Last modified: Monday, October 22, 2007
IU Art Museum building lights up with 25th anniversary celebration
FOR IMMEDIATE RELEASE
Oct. 22, 2007
EDITORS: Broadcast quality video of the Light Totem is available. To obtain the video, contact Nicole Roales at firstname.lastname@example.org or 812-856-3717. For more information on Robert Shakespeare, follow this link: http://newsinfo.iu.edu/news/page/normal/6582.html.
BLOOMINGTON, Ind. -- The Indiana University Art Museum building will celebrate its 25th birthday with the power of 500 million candles. On Oct. 26, the switch will be flipped on the 25th Anniversary Light Totem, a dazzling light installation illuminating a 70-foot freestanding tower, a 40-foot-long tube within the atrium, and the building's south exterior wall. Three searchlights will further highlight the building, designed by Pritzker Prize-winning architect I.M. Pei.
The event will begin at 7 p.m. with a lecture by Bruce Cole, chairman of the National Endowment for the Humanities and former Distinguished Professor of Art History and professor of Comparative Literature at IU Bloomington. The lecture will take place in the Hope School of Fine Arts Auditorium, Room 015. The lighting ceremony will begin at 8 p.m. on the museum's front lawn, followed by a reception in the Solley Atrium. The event is free and open to the public.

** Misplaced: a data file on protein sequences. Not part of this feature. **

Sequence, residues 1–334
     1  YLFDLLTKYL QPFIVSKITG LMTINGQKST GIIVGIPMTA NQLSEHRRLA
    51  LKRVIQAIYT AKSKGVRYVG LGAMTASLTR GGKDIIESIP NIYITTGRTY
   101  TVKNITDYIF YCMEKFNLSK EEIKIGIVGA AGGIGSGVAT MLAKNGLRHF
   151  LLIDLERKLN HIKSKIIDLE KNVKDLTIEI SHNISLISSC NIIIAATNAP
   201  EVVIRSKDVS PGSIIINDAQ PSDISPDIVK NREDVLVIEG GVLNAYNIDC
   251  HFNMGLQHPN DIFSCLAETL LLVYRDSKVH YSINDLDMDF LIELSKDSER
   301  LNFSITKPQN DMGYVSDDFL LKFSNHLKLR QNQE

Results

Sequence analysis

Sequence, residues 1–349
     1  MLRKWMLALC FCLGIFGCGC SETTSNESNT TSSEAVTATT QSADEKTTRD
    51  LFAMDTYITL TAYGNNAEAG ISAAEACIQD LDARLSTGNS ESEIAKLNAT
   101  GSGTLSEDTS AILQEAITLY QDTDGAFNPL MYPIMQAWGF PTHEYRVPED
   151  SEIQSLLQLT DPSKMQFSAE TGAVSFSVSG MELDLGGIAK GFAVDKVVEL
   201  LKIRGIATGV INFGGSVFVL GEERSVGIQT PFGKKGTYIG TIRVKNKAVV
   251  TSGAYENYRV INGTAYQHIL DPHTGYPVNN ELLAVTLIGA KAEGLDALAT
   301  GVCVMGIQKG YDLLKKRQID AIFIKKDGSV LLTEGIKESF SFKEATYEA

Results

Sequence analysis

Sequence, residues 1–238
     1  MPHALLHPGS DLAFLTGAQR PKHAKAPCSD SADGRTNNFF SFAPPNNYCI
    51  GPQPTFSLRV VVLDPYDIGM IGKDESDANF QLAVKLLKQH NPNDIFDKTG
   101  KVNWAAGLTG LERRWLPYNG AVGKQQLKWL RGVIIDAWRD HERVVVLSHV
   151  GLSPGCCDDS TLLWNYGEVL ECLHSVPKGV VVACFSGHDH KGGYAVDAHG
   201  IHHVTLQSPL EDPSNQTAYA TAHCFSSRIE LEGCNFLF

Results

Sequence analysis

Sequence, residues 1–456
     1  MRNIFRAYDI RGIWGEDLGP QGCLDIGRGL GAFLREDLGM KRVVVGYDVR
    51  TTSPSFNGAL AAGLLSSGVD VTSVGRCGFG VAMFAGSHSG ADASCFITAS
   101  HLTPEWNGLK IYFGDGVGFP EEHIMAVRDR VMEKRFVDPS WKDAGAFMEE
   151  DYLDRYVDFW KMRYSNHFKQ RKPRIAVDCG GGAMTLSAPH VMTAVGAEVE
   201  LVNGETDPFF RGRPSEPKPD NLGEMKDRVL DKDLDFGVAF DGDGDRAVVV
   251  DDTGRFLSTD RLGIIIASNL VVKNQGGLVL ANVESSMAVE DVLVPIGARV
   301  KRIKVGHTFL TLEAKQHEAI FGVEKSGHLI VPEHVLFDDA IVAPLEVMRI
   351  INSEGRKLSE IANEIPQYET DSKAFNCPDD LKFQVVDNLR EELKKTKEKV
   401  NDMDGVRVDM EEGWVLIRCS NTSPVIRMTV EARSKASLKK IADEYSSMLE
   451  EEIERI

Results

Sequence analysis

The 25th Anniversary Light Totem will glow throughout the night for the remainder of the year. The tower will be arrayed with light-emitting diode (LED) floodlights to create vibrant, jewel-like tones that will project color onto the IU Art Museum's south-facing wall. The tower itself will be illuminated with LEDs that will reflect off its aluminum structure. Each of the six lighted sections can be programmed to project any color of the rainbow and to change color up to every tenth of a second.
A 208 million candle power searchlight will top the tower, capable of casting a beam that can be seen from several miles in any direction. Two additional searchlights will project diagonally from the roofs of the building, meeting the tower's searchlight several hundred feet in the air. The resulting airborne image will echo the shape of the building's roofline.